Silver is a precious metal with many uses, from jewelry to industrial applications. However, not many people are aware of silver’s medicinal properties. It’s actually a great healer, but it is not without its side-effects.
When it comes to medicine, silver’s secret is the oligodynamic effect – a mechanism that makes heavy metal ions antimicrobial. Scientists aren’t 100% sure how the oligodynamic effect works, but many theorize it has to do with the metal ions irreversibly damaging important enzymes within the microbes. Other metals, such as lead and mercury, also exhibit the oligodynamic effect. But unlike these other metals, silver is the least toxic to humans.
In any case where bacteria or infections are a threat, silver can prove to be very helpful – and it is used as such. Centuries ago, people recognized silver’s antibacterial properties and stored milk, wine, and other perishables in silver containers. In modern times, silver lined or coated medical devices – like catheters, breathing tubes, and prostheses – have been shown to dramatically reduce the risk of infection.
Because of silver’s effective antimicrobial properties, many types of liquid suspensions and ointments were developed and used to treat both topical and internal diseases and infections. However, this was largely discontinued not only because of the development of safe and effective antibiotics, but because of health concerns – namely, a condition called Argyria. When silver solutions are repeatedly ingested – or even topically applied, as in some cases – they can be absorbed by the body’s soft tissues and cause a permanent blue/gray discoloration of the skin known as Argyria.
In light of this risk, silver is no longer used in actual medicines. Still, it is very useful in purifying solutions and creating infection-free environments.
In 2009, Terry Herbert decided to try his hand at treasure hunting in a field near Lichfield in Staffordshire. A member of the local metal detector club, Herbert followed all the proper procedures – including getting permission from the landowner, Fred Johnson. Herbert set out, sweeping the field with his metal detector, hoping to find some lost jewelry. Instead, he stumbled upon the largest Anglo-Saxon gold hoard ever discovered.
Over the course of five days, Herbert filled 244 bags with artifacts. It seemed as if the treasures were endless, so Herbert contacted archeologists who began excavation of the field. The find was so big; the location of the excavation was initially kept secret. Eventually, the word got out and the world was talking about the Staffordshire Hoard – as it had come to be known.
After months of work, the entire hoard was excavated, which amounted to 3,500 pieces of treasure. Interestingly, the entire hoard is martial, or military related. It contains no domestic items, jewelry, coins, or anything of the like. Aside from a few crosses, the treasure is all swords, armor, helmets, scabbards, and other military items. However, the items were not likely partitioned to standard soldiers; the equipment, dating back to about the 7th or 8th century, was exemplary of the finest metalwork of the time. And of course, it contained a lot of gold.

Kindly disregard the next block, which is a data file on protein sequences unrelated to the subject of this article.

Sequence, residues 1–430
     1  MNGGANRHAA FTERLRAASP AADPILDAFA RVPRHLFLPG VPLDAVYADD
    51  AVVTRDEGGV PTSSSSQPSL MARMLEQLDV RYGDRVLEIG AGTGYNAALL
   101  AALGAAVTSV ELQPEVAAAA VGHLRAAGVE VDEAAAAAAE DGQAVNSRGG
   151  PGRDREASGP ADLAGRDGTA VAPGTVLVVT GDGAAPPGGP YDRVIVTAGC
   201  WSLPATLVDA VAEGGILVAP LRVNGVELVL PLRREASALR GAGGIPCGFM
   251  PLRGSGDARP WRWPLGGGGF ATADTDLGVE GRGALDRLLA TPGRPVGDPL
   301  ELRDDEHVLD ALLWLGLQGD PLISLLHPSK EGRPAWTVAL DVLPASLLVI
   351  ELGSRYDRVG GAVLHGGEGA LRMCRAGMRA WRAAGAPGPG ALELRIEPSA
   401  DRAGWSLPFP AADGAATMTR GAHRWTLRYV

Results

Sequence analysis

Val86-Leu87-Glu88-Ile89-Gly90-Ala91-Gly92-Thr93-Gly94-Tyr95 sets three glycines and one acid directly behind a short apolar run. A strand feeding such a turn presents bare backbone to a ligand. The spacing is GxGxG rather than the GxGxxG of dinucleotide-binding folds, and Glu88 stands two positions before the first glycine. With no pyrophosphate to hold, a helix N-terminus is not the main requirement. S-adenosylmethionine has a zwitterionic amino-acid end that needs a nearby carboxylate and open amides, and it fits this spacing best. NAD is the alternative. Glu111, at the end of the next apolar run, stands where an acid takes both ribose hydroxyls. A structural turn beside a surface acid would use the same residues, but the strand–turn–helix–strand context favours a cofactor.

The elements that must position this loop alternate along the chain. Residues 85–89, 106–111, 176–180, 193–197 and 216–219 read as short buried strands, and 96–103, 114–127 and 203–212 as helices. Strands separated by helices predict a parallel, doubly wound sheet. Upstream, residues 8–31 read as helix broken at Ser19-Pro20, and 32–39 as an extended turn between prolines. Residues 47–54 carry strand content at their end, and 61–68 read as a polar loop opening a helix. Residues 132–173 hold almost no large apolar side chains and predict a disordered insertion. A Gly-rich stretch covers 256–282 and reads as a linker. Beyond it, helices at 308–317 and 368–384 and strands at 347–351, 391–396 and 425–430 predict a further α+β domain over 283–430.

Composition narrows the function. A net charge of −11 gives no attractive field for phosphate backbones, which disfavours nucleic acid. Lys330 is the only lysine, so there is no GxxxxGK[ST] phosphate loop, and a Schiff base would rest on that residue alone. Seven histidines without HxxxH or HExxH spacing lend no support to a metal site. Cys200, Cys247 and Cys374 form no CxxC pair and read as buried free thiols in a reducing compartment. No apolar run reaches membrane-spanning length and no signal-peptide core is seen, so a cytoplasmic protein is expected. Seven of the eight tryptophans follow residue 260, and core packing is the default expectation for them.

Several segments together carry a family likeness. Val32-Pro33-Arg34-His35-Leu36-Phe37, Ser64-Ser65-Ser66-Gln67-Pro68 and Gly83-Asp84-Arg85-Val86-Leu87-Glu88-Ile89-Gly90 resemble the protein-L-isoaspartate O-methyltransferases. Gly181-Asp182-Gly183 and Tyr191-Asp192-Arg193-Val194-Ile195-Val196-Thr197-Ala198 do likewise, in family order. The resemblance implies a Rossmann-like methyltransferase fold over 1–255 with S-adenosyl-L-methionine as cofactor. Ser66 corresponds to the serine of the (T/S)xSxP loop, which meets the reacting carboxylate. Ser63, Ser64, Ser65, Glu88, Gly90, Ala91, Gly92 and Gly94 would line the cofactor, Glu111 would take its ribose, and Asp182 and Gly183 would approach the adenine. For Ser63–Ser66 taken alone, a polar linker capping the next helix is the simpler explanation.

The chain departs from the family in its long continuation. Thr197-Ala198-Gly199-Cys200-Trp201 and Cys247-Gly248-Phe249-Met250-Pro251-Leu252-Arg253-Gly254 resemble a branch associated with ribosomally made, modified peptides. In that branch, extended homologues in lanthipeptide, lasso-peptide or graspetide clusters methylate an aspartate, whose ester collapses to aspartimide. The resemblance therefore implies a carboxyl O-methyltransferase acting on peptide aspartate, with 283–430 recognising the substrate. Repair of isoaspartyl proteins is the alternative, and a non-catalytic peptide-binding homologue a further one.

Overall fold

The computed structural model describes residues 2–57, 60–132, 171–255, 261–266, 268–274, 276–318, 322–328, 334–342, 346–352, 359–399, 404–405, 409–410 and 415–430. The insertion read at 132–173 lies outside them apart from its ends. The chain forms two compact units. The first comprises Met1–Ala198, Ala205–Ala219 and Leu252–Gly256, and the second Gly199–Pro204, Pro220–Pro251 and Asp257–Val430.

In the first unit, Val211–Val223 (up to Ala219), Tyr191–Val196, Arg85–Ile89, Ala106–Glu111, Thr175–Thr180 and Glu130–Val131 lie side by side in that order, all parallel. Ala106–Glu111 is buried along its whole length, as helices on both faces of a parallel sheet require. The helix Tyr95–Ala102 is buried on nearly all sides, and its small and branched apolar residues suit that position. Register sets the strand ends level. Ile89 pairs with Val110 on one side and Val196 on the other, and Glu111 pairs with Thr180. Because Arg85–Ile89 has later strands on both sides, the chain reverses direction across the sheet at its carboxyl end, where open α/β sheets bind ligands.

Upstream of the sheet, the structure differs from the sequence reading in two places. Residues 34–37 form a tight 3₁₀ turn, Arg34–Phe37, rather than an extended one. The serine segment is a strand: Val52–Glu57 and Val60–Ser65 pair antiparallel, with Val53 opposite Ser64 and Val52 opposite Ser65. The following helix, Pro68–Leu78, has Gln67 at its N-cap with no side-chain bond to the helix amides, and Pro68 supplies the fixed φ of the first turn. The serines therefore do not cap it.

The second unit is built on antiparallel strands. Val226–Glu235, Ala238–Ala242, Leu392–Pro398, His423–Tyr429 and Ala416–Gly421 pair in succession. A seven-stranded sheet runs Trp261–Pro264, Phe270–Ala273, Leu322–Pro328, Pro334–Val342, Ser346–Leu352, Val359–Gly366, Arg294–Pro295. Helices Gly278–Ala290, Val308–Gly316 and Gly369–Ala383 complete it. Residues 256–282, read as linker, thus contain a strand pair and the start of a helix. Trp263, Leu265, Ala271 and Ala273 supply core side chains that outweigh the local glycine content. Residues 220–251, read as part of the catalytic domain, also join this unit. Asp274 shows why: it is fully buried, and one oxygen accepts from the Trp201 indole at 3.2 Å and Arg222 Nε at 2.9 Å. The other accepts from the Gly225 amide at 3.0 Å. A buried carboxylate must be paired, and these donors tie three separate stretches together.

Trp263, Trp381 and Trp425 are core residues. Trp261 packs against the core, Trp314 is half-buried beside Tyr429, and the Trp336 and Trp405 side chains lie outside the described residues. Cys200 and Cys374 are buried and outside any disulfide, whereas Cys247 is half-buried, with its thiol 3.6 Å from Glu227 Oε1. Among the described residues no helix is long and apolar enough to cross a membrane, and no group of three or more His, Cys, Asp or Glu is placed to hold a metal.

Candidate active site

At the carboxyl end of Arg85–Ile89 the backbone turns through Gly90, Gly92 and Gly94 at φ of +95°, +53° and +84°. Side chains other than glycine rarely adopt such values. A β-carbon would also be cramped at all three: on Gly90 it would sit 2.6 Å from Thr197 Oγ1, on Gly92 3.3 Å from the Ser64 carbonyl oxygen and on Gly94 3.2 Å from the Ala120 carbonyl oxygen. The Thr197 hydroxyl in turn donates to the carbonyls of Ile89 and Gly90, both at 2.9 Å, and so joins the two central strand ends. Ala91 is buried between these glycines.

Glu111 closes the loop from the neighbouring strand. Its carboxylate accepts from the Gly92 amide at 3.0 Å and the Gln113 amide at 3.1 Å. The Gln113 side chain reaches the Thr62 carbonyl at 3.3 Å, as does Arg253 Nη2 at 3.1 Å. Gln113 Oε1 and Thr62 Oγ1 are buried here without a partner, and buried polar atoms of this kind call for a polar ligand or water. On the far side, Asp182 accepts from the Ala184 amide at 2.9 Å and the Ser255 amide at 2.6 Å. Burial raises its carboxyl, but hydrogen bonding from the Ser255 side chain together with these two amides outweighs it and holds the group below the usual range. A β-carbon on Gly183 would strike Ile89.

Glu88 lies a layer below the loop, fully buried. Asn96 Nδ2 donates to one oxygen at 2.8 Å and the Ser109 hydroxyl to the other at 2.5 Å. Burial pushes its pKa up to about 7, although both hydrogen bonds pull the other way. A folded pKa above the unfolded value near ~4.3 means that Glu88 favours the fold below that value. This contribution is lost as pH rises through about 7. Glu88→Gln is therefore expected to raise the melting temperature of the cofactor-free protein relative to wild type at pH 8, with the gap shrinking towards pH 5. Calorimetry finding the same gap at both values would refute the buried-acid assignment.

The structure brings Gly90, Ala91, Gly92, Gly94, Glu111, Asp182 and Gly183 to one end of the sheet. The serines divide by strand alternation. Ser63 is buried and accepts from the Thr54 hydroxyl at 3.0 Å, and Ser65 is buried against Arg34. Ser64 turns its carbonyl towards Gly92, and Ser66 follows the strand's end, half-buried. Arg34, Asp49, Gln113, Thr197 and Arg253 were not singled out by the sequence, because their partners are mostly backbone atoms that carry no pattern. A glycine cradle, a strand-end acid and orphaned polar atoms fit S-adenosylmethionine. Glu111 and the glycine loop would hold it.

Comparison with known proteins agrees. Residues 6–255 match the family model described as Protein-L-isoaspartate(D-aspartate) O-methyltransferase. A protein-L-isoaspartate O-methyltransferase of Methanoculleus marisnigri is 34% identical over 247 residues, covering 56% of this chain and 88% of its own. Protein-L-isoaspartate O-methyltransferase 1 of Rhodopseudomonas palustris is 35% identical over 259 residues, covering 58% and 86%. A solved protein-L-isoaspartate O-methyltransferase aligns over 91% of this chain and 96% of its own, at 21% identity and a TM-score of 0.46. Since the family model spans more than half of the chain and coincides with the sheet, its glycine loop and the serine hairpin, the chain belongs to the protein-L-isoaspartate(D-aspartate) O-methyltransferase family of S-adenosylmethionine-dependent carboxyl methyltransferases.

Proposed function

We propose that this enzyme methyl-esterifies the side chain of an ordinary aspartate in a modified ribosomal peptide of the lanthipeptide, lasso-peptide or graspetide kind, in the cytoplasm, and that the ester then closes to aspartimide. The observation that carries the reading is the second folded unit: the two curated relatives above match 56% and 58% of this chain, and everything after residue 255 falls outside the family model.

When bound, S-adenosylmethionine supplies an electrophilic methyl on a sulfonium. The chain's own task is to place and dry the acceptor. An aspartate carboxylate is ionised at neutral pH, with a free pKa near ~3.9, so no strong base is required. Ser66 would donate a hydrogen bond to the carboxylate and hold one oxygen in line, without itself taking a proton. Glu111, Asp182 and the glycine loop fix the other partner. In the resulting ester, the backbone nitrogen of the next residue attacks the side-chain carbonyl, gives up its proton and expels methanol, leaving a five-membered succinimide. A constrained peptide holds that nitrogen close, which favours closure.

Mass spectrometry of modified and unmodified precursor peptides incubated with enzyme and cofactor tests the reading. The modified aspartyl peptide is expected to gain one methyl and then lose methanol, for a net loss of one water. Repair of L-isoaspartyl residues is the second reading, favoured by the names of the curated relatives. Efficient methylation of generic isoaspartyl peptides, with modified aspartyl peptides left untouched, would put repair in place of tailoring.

To this day, experts are still unsure of the purpose of the Staffordshire Hoard. Theories range from a religious offering, to buried treasure that the owners never returned to uncover, to a trophy collection representative of many victorious battles.
All together, the treasure was valued at approximately $5 million. Both Herbert the finder and Johnson the landowner received half a share of the treasure’s value. Today, the Staffordshire Hoard is on display or on loan to a number of museums, including the Birmingham Museum & Art Gallery in England and the National Geographic Museum in the US.
The art of plating – coating an object with a thin layer of another (usually precious) material – has been around for thousands of years as a staple technique in the world of art and jewelry making. Gilding, or gold plating, is perhaps the most popular plating technique of all.
In modern times, there are many different ways to gild an object with a layer of gold. Electroplating and a number of chemical methods are all valued techniques for industrial gilding projects (e.g. making gold electrical contacts). More artistic projects, however, tend to favor the ancient techniques of mechanical gilding.
As the name implies, mechanical gilding relies on more elbow grease than its electro and chemical counterparts. As you may know, gold is an extremely malleable metal – which is the reason it’s so easy to plate things with. The first step to any gilding project is to pound the gold to be used as thin as possible (using modern techniques, this can be thinner than a sheet of paper) into gold foil. Afterward, they’re a few options for plating the gold onto a piece of art or jewelry.
In ancient times, artisans used the simple method of hammering the foil directly onto the piece. However, hammering alone was not sufficient to gild all types of material. So, gilding techniques evolved. Polished metal surfaces could be gilded if they were heated to just under their melting temperatures, and then pressed with gold foil. Other surfaces required a thin coating of gesso – a type of adhesive made of ground gypsum, chalk, and glue – to make the gilding permanent. For wood or paper surfaces (like illuminated manuscripts) grinding the gold into powder and mixing it with a binder made an easy to apply gilding substance.
The work of a skilled gilder can make an object appear to be made of solid gold. Manhattan Gold & Silver uses a number of assay types to determine gold content. Of these, a simple scratch test works best to determine if a piece is gilded or solid gold. If you discover your gold jewelry is gold plated, don’t fret! The most common gilded metal in jewelry making is silver, so your jewelry may still have some solid value.